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Babe was an impressionable reader too. He’d started speaking at four months and earned genius level IQ scores. Darrow called him “a boy obsessed of learning,” but one without an “emotional life.” He makes him sound like a renegade android, “an intellectual machine going without balance and without a governor.” Where Dickie transgressed through pulp fiction, “Babe took to philosophy.” Instead of McCulley, Nietzsche started “obsessing” Babe at sixteen. Darrow called Nietzsche’s doctrine “a species of insanity,” one “holding that the intelligent man is beyond good and evil, that the laws for good and the laws for evil do not apply to those who approach the superman.” Babe summed up Nietzsche the same way in a letter to Dickie: “In formulating a superman he is, on account of certain superior qualities inherent in him, exempted from the ordinary laws which govern ordinary men.” A member of “the master class,” says Nietzsche himself, “may act to all of lower rank . . . as he pleases.” That includes murdering a fourteen-year-old neighbor as one “might kill a spider or a fly.”

So Babe considered Dickie a fellow superman. And Dickie considered Babe a perfect partner in crime. The two genres have one formula point in common: heroes are “above the law.” When Siegel and Shuster merged Beyond Good and Evil with Detective Story Magazine in 1938, they came up with Action Comics No. 1. Loeb and Leopold only got Life Plus 99 Years, the title of Babe’s autobiography. Prosecutors wanted to hear a death sentence, but Darrow wrote a modern law classic for his closing argument. It brought the judge to tears.

William Jennings Bryan liked it too. He quoted excerpts during the Scopes “Monkey” trial the following year. Bryan was prosecuting John Scopes for teaching the theory of evolution in a Tennessee high school, and Darrow was defending him. Scopes, a gym teacher subbing in science, used George William Hunter’s school board-approved Civil Biology, a standard textbook since 1914, and one that shocks my students when I assign it in my “Superheroes” course.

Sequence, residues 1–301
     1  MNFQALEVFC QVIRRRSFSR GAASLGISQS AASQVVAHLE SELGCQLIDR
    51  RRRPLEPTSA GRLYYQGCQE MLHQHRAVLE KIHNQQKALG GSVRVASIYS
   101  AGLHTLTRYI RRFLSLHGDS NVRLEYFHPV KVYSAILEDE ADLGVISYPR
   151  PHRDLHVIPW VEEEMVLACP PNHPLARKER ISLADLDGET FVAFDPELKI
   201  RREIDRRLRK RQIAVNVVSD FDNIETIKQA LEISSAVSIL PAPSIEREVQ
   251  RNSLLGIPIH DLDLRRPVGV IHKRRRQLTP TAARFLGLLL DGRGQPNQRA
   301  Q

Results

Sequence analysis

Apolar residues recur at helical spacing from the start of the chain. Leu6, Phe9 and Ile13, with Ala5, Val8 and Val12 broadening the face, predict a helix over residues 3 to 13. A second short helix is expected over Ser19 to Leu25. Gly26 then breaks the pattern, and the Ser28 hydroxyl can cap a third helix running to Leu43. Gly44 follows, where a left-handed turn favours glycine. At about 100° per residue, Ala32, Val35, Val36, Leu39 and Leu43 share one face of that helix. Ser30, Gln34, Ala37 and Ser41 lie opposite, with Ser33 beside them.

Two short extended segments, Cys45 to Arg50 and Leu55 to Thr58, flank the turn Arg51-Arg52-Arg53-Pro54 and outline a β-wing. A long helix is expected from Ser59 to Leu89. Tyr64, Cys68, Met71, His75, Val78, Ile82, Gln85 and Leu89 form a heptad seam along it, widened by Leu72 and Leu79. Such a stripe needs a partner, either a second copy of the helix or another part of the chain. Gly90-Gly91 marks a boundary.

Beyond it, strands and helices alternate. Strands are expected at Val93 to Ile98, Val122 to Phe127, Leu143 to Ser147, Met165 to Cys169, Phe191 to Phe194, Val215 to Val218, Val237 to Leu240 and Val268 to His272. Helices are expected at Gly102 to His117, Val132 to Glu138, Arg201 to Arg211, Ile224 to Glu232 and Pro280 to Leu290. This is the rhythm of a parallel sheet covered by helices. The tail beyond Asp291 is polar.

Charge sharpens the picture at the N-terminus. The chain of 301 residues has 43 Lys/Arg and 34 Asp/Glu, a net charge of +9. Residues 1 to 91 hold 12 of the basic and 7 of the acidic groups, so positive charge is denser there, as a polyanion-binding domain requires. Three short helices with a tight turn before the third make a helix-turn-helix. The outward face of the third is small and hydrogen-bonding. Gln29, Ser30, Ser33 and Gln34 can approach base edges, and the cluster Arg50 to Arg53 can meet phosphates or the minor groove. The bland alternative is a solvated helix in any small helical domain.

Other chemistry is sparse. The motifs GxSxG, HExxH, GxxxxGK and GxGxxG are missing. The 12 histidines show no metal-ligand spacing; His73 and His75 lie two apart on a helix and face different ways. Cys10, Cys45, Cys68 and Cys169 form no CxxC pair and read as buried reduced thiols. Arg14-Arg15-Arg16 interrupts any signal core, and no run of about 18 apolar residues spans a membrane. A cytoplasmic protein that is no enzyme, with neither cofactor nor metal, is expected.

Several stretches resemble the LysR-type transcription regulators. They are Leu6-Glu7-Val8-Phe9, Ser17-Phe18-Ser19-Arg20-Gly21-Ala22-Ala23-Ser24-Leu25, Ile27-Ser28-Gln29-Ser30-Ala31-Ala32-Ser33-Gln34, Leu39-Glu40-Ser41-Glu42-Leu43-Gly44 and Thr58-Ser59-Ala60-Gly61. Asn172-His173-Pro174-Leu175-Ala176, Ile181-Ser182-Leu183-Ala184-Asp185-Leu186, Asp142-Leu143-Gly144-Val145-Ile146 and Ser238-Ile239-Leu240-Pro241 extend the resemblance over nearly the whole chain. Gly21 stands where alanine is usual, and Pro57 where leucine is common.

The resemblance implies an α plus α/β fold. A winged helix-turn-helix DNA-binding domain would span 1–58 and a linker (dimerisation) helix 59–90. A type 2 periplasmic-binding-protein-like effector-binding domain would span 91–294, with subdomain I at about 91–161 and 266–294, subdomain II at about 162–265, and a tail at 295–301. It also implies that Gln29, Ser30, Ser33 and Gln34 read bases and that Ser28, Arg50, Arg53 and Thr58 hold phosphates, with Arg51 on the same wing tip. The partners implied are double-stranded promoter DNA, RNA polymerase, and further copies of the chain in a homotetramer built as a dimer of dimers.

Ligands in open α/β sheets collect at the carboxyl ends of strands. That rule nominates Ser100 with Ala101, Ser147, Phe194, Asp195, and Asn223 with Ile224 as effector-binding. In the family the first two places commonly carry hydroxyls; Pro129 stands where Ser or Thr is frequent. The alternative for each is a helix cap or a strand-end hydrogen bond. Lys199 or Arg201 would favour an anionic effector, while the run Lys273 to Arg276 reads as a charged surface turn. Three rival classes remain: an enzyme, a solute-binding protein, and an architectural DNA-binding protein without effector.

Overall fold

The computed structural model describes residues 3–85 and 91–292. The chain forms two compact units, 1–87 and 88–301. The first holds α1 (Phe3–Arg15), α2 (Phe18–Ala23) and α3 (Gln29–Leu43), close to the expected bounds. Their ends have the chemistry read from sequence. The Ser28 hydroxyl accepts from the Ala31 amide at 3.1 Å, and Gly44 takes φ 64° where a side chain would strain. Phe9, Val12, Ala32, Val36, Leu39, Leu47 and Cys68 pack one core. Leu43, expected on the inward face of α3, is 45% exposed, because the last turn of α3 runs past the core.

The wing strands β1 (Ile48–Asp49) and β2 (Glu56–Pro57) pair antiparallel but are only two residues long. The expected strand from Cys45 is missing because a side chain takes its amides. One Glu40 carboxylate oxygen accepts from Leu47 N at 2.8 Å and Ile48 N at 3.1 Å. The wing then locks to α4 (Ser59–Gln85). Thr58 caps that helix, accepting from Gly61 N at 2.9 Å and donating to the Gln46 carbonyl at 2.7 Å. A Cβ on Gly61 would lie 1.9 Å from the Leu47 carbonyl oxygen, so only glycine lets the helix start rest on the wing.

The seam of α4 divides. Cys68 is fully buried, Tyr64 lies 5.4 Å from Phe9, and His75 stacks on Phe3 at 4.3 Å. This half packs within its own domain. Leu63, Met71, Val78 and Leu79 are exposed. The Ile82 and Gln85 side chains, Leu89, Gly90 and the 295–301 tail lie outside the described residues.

“If the stock of domesticated animals can be improved,” writes Hunter, “it is not unfair to ask if the health and vigor of the future generations of men and women on the earth might not be improved by applying to them the laws of selection.” After describing families of “parasites” who spread “disease, immorality, and crime,” he argues: “If such people were lower animals, we would probably kill them off to prevent them from spreading. Humanity will not allow this, but we do have the remedy of separating the sexes in asylums or other places and in various ways preventing intermarriage and the possibilities of perpetuating such a low and degenerate race.”

This was one of Bryan’s main objections to evolution, a term he used interchangeably with eugenics: “Its only program for man is scientific breeding, a system under which a few supposedly superior intellects, self-appointed, would direct the mating and the movements of the mass of mankind—an impossible system!”Bryan links eugenics to Nietzsche, as Darrow had the year before, saying Nietzsche believed “evolution was working toward the superman.” The claim is arguable, but the superman was “a damnable philosophy” to Bryan, a “flower that blooms on the stalk of evolution.”

“Would the State be blameless,” he asked, “if it permitted the universities under its control to be turned into training schools for murderers? When you get back to the root of this question, you will find that the Legislature not only had a right to protect the students from the evolutionary hypothesis, but was in duty bound to do so.”

Darrow declined to make a closing argument, preventing Bryan from making his before the judge too, so their final debate played out in newspapers. Either way, Darrow was talking from both ends of his ubermensch. “Loeb knew nothing of evolution or Nietzsche,” he told the Associated Press. “It is probable he never heard of either. But because Leopold had read Nietzsche, does that prove that this philosophy or education was responsible for the act of two crazy boys?”

Perhaps Darrow’s hypocrisy is an illustration of a superman only obeying his own laws. It didn’t matter though. Like Loeb and Leopold’s, Scopes’ guilt was never contested, and the court fined him $100 (later overturned on a technicality). That was 1925, the year the Fascist-inspired “super-criminal” Blackshirt joined Zorro and his merry band of pulp vigilantes, while Adolf Hitler’s Mein Kampf climbed the German best-seller list.

Superman was ascending.